Fan art, conventions, and copyright law?

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  • I love comic and fan conventions, and I personally think that artists should be allowed to sell fan art, but it's illegal. So-


    1) If a commissioner commissions fan art, who is breaking the law? The Artist, the commissioner, or both?


    2) If selling fan art is illegal, why do conventions openly allow (and even encourage) artist to sell fan art at all? Is the Convention working as a black market?

  • Hello Fan Art Fan:

    I would not necessarily say that fan art is automatically a copyright infringement.  One could argue fair use (parody, criticism, transformation - using the work in a new way, etc). 

    If I had more details, what, where and when and if $$ is involved, we could run through a fair use examination and maybe it will give us a clue (though not legal advice).

    Also, if the work is commissioned, the rights probably go to the commissioner because are paying for the art.  However, a rights holder could sue anyone he wants if he thinks he can win. 

    Tell me more about the conventions issue.





  • Hi, Carrie! I'm going to poke my head in because this is an issue that I've personally paid a certain amount of attention to.

    It would be the opinion of the Organization for Transformative Works that unpaid fanart is generally fair use, and I'd generally agree with them. Issues that could affect that analysis with regards to these questions:

    • Commissions and sales start shifting the "purpose" (first) factor due to changing the use to a more commercial/for-profit one.
    • Prints of fantart and fanart businesses become more systematic / iterative / ongoing and have a greater potential to affect the market (if any exists), than one-off commissions, shifting the "purpose" and "effect" (first and fourth) factors.
    • Some works come closer to affecting existing markets (such as for calenders or posters for a movie or video-game series) than others (such as for porn of characters from a non-romance novel), again potentially shifting the "effect" (fourth) factor.

    There may additionally be trademark issues that are beyond the scope of this forum, but those aren't copyright issues and thus generally wouldn't affect fair use.

    This is stabbing at the thorny heart of derivative works vs transformative uses with the added complication of a limited commercial context. I don't know that the courts have given us enough guidance to form an answer on these questions; I'd love to hear more input. I've seen online fan art stores shut down over legal questions, but I've also got a wall full of fan art I bought from the artist alley at ALA conferences!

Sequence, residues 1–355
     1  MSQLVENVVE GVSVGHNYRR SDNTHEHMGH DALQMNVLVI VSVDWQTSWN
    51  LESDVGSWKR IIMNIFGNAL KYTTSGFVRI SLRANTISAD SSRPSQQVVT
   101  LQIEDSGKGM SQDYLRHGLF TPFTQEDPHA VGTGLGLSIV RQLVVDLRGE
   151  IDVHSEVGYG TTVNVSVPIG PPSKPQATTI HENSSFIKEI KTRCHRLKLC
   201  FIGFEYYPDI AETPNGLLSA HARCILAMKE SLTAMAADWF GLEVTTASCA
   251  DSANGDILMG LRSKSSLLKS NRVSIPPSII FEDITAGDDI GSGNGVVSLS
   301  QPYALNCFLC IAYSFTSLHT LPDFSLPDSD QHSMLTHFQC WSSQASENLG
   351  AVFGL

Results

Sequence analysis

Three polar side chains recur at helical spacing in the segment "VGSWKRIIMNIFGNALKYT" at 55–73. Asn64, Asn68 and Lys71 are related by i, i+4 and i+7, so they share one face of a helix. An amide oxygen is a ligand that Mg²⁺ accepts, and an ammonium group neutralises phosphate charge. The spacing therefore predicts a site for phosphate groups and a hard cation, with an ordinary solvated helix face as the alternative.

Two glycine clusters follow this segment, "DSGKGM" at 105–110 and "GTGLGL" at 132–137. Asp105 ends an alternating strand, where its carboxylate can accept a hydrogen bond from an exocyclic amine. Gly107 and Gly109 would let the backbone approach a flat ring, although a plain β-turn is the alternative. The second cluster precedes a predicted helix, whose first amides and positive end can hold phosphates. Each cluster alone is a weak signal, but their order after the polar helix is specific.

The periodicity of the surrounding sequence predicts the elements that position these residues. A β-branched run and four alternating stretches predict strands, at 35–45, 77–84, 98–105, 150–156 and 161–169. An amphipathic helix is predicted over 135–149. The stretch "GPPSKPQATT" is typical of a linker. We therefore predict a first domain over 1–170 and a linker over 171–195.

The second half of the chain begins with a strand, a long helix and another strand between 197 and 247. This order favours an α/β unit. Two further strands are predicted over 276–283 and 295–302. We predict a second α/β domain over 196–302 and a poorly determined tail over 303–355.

As for conventions, it's an interesting question. The convention might be renting booth space to an artist, encouraging them to sell fan art there, and knowing that they're doing so, but with the complex legal issues surrounding fan art, it's not necessarily obvious that what they're encouraging (and profiting from) is illegal. And if they did know that it was illegal, it's not clear to what degree that would violate any other law, regulation, or contract.

    Thus, some partial answers:

    1. If one person pays another to break the law, I would suspect that there is the potential for liability for both of them—someone could certainly make that argument, even if I'm not sure how it would go over in court—although as a practical matter it's the artist who's likely to be easily identifiable and most provably liable. That's if the act is illegal, though, which it very well might not be.
    2. I am not aware of any legal definition of the phrase "black market." They might be in violation of their business license or contract with the venue owner or any of a variety of other state and local business law issues that are beyond the scope of this forum, or they might not be. Or the fanart sales might generally be legal. Or it could all come down to trademark. This forum can't pass moral judgement and the legal questions are not really within scope.

    In short, if a library wants to host a mini-convention and someone wants to sell fanart there, that is a question for the library's legal counsel. I have no idea if ALA knows what goes on in its conferences' artist alley and who approves that.

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